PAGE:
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The Assembly - Making the Parts

I have virtually no tools with which to make the parts needed for this drilling machine, however, my brother and his friends do. If you needed your electronics stuff worked on then, I'm your man... I'm just a little short on lathes, saws and milling machines. I asked them to fabricate the parts needed using the model and drawings I made with AutoCAD. With the workshops they have for building and maintaining their racing and custom cars, fabricating a few simple parts like these should be no problem.

I would like to give special thanks to Jim Stephens, Corvin Latus and Bob Carter for actually making the parts of this CNC PCB Drill project. These guys took time out of their busy schedules to fabricate these prototype parts saving me a lot of money over the commercial alternative, thanks guys, great job.

There is also some additional thanks due to David Parkyn and Daniel Valdes (not pictured) for getting the computer in shape. Dave and Dan are my employees, so they didn't have much choice in the matter... I guess I will have to give them a candy bar or something. :-)

The Assembly - Fitting the Parts

A quick test fit of the major parts shows no big alignment problems so it all goes into a box and is shipped to me in Los Angeles for final assembly, calibration and use.

There were a few changes from the original design, Guide Blocks(502-3008) and the Screw Block(502-3009) were fabricated out of aluminum instead of delrin. The frame bottom(502-4001) is made out of 2 pieces of aluminum instead of one continuous piece.

The one problem area of the design is the plate body(502-3010). These were fabricated out of .035" thick cold rolled steel instead out of .047" thick aluminum. There is a dimensional stability problem with the parts not being exactly square. The thickness or material have nothing to do with this problem, it is instead in how the parts were fabricated which was by hand with a manual bending break. If we had an NC bender available, we could have made the parts more accurately, It's no big deal, the design is pretty tolerant of misalignments like this.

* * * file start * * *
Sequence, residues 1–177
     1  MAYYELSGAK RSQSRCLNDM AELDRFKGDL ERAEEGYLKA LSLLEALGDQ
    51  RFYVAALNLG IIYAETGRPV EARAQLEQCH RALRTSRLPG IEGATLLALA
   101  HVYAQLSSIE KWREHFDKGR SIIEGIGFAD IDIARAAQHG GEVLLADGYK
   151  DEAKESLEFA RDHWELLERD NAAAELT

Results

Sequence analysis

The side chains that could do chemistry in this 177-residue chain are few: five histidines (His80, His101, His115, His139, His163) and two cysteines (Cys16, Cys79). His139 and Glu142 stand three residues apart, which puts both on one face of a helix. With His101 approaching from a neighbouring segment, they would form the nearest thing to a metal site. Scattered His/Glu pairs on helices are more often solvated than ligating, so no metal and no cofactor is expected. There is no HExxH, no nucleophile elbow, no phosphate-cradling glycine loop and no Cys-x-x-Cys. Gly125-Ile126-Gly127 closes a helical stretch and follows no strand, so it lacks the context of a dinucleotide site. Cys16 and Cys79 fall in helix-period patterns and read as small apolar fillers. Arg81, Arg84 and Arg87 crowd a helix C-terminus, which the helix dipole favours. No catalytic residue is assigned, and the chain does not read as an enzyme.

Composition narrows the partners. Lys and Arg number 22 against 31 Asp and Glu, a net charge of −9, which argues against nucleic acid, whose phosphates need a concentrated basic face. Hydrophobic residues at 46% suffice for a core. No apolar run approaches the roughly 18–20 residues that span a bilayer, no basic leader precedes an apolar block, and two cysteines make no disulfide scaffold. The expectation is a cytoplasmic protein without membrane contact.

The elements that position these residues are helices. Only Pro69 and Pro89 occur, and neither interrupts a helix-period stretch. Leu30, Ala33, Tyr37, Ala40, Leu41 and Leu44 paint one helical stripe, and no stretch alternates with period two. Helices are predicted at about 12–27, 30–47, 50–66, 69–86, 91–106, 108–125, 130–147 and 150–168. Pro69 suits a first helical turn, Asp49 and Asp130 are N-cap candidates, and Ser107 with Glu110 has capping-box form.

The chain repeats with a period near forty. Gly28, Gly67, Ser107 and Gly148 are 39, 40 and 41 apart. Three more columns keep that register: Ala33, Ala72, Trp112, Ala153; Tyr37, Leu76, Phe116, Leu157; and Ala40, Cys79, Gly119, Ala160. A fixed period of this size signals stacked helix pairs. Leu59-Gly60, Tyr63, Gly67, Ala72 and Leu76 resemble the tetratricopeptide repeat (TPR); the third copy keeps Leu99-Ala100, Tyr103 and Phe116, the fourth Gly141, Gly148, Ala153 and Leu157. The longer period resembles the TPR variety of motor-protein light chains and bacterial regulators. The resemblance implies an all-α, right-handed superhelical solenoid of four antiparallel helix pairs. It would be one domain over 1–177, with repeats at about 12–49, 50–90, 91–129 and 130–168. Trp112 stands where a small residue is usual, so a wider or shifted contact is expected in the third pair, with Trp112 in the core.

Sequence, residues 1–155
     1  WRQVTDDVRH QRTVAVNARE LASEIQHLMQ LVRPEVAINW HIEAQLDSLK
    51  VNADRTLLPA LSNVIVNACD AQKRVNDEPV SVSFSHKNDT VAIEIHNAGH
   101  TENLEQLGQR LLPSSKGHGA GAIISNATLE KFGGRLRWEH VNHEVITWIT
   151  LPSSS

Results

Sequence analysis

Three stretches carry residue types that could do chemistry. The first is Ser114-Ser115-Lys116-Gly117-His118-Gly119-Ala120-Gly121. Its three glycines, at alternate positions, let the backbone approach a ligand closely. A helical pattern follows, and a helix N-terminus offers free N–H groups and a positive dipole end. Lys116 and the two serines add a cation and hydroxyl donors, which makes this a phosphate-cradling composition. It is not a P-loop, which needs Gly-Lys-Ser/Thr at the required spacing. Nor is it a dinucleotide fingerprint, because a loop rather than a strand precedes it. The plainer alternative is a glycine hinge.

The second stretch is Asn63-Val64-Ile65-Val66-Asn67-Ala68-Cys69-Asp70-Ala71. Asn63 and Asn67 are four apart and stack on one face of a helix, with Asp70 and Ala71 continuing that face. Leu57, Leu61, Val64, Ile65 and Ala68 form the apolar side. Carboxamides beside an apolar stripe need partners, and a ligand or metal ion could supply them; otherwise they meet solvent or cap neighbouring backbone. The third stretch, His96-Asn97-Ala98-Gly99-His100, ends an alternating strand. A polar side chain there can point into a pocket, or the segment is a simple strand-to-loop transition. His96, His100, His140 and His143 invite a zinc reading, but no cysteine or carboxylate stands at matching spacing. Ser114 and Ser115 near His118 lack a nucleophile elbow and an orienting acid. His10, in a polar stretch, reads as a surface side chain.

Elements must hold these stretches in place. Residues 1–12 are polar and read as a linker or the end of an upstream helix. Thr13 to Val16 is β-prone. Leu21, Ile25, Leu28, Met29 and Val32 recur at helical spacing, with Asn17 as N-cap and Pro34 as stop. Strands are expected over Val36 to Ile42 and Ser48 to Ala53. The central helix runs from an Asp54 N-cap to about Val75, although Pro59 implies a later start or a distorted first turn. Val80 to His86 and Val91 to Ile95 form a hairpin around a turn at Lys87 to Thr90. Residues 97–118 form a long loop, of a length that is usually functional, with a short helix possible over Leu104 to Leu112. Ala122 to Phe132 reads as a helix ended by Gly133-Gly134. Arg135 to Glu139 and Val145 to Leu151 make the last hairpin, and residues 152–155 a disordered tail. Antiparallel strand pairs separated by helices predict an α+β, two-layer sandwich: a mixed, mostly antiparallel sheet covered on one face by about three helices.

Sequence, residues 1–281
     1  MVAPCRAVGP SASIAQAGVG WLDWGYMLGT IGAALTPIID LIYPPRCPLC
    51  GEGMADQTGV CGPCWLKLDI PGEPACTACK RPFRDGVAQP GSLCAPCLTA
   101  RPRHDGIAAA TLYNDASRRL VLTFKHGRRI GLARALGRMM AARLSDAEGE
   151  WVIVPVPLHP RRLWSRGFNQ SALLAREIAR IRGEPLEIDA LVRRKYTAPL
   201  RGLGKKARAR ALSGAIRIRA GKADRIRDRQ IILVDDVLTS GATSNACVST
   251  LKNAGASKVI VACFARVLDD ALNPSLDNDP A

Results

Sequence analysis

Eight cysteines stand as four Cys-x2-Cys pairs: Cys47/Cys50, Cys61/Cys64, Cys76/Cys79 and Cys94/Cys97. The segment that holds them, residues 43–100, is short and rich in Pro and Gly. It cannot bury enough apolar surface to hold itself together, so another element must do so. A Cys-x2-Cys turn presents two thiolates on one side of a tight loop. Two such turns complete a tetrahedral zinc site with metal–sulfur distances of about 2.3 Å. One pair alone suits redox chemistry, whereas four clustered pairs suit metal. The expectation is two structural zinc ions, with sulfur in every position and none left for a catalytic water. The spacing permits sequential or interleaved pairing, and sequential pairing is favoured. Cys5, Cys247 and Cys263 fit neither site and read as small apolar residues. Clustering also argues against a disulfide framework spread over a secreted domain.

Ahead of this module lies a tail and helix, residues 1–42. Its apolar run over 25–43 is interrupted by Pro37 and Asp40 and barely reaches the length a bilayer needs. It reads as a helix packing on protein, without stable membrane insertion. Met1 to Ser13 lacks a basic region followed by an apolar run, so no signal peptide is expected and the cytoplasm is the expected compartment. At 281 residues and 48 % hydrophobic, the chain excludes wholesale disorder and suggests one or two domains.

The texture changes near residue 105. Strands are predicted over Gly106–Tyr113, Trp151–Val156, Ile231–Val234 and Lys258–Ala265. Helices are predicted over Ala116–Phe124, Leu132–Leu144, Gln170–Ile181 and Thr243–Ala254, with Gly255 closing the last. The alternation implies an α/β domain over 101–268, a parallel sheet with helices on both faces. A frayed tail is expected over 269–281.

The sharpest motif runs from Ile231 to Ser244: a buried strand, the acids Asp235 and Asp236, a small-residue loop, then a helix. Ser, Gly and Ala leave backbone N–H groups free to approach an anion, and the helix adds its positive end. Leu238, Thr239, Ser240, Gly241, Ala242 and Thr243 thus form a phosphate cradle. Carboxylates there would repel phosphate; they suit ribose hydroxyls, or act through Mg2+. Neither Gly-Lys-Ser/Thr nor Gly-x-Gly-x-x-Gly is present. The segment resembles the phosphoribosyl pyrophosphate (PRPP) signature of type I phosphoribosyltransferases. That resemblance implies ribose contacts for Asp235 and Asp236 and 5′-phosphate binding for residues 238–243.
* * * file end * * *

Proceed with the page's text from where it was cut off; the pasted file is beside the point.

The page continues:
When these pans are affixed to the machine base, they straighten out nicely and the alignment problem goes away. The X axis however poses a problem where the pan is designed to support itself and being dimensionally ambiguous, this causes binding of the guide rods causing motor stalls. The simple fix for this problem was to add a 12" X 4" X .25" thick piece of aluminum plate under the X axis to support and align the pan. This provides a strong base to fasten the X axis pan assembly.

Several small details were left to this point in the project so they could be added as needed. Holes for the limit switch wires were drilled and test fitted with rubber grommets. The home or zero switch assemblies were fabricated and tested, electronic equipment mounting holes were drilled and in general the cnc_drill was rough assembled and tested.

The Assembly - Testing the Parts

The real big milestone was however, plugging it all in and making the machine move under software control, which it did, kind of. See the "Plugs-In Test" Movie (MP3 - 12.04Mb)

To achieve this momentous goal the TurboCNC software had to first be configured to reflect the machines architecture. Let's do a little review, it's a 3 linear axis (X,Y and Z) machine with limit and home switches on all axis, it has motors with 200 steps per revolution, it has 13 threads per inch on the leadscrews and... that's about it, right?

To make a long story short, I configured the axis interactively, making sure to set the jog directions as well as the program directions and units. Below are the settings I made for the 3 axis or control:

NOTE: By now, I hope you realize that you can click any of the pictures in this article to see a larger version.

There was one thing however which I still have not figured out. Seeing that the motors are directly coupled to the leadscrews without any gear reduction or increase, I assumed the gear ratio should be 1:1. In fact when moving an axis at that setting I get 2" of travel on the software for 1" of travel on the machine. Setting the gear ratio to 2:1 fixes this problem but leaves me wondering why.

I also set-up the limit switches and home switches by editing the turbocnc.ini file directly. You can do this from the user interface, I just decided to do it directly using a text editor. You should note that there is one more ActiveHigh=NO at the end of the code in the picture, it just would not fit on the screen at the same time.

The main thing is to get the right pins on the motors and limit switches talking to the right pins on the controller board. Now that this is all set and saved away we can get onto the landmark Plugs-in test.